Laura Yares is Assistant Professor of Religious Studies at Michigan State University, with a joint appointment in the MSU Program for Jewish Studies. Her research and teaching focuses on Jews and Judaism in modernity, with particular interests in Jewish education.
She is the author of the forthcoming book How Jewish Education Became Religious, a historical analysis of the development of Jewish Sunday schools in nineteenth-century America. It will be published in the North American Religions Series at NYU Press. How Jewish Education Became Religious explores the gendered dynamics of nineteenth-century supplemental Jewish education, and the ways in which the women – and men – who pioneered the field sought to recreate Jewish education as religious education.
With Sharon Avni (CUNY), she is also currently at work on a contemporary ethnographic project exploring Jewish learning in cultural arts settings, supported by the Jack, Joseph and Morton Mandel Center for Studies in Jewish Education at Brandeis University. This research investigates the ways that museums, television shows, digital media, music, and theatre serve as vibrant settings for Jews and non-Jews to learn about Judaism and Jewishness, and to explore their own religious and cultural identities. More information on this work in progress can be found on the project webpage: https://www.brandeis.edu/mandel/projects/culturalarts.html
Ph.D., Georgetown University, 2013 (Religious Studies)
M.A., McMaster University, 2008 (Religious Studies)
M.St., Oxford University, 2006 (Jewish Studies)
B.A., Oxford University, 2005
PRINCIPAL SCHOLARLY INTERESTS
Religion and Non-Profits
Jewish Telegraphic Agency
November 22, 2021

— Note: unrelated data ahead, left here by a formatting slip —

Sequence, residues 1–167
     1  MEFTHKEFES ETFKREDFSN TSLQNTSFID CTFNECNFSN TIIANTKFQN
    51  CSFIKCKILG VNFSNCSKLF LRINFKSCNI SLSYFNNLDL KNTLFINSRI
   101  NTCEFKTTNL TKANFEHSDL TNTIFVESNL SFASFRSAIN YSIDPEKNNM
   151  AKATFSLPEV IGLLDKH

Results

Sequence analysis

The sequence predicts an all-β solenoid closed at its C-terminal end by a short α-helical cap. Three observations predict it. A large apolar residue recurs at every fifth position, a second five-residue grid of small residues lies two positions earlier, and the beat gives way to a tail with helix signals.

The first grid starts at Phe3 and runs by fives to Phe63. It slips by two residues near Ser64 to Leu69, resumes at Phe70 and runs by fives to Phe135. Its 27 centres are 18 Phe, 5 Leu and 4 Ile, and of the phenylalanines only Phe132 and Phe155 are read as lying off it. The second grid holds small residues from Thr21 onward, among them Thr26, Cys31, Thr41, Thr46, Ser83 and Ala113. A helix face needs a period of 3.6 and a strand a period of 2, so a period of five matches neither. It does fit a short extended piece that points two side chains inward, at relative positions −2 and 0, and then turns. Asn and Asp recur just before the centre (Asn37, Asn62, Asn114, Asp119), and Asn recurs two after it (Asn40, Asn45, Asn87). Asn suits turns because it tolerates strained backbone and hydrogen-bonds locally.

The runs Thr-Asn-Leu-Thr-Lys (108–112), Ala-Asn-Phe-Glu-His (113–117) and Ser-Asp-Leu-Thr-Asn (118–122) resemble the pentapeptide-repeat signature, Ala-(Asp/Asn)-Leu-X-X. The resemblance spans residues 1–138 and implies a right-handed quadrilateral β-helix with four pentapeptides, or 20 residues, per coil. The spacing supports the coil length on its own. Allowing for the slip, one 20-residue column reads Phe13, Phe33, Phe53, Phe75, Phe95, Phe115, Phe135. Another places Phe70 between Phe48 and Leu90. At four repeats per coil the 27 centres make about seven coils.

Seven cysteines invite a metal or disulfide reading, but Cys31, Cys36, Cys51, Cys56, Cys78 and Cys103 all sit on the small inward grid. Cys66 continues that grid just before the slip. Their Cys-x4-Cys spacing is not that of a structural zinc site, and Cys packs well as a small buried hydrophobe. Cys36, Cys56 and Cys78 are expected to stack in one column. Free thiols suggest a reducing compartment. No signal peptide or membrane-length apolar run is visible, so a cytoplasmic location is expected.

The Jerusalem Post
April 15, 2021
Lansing State Journal
December 9, 2020
Tulane University Grant Center for the American Jewish Experience
September 29, 2021
REL 101 Exploring Religions
This course explores the rich diversity of the world’s religious traditions, focusing particularly on the ways that various religious traditions create communities oriented around practices, worldviews, and ideas of the sacred. We will ask whether it is possible to define religion as a general concept, explore the histories and practices of 6 religious traditions, and inquire about the relevance of religion in the contemporary world. We will pay attention to sacred texts, concepts of the divine, statements of belief, the use of memory and history, and the efficacy of ritual. This course will operate from the assumption that religion is an indelible element of human culture. Religion is part of what makes human existence rich and complex.
REL 310: Judaism
This course explores the history of Jews and Judaism. Beginning with the earliest texts of the Hebrew Bible, our course will begin in the Ancient Near East, and take us to Israel, Iran, Spain, North Africa, and Europe, before landing in the contemporary United States. The paradigmatic story of the Jewish people, a story that is told each year during the Passover Seder, is the story of the exodus from Egypt. Our course will build towards a final assignment in which you will analyze a Haggadah (the ritual text of the Passover seder) from the MSU library’s special collection. In this course, and through this final assignment in particular, you will learn about the ways that Jews have negotiated their own understandings of Jewish ritual, Jewish history, and Jewish religion, and have told stories about belonging, liberation, freedom, and responsibility.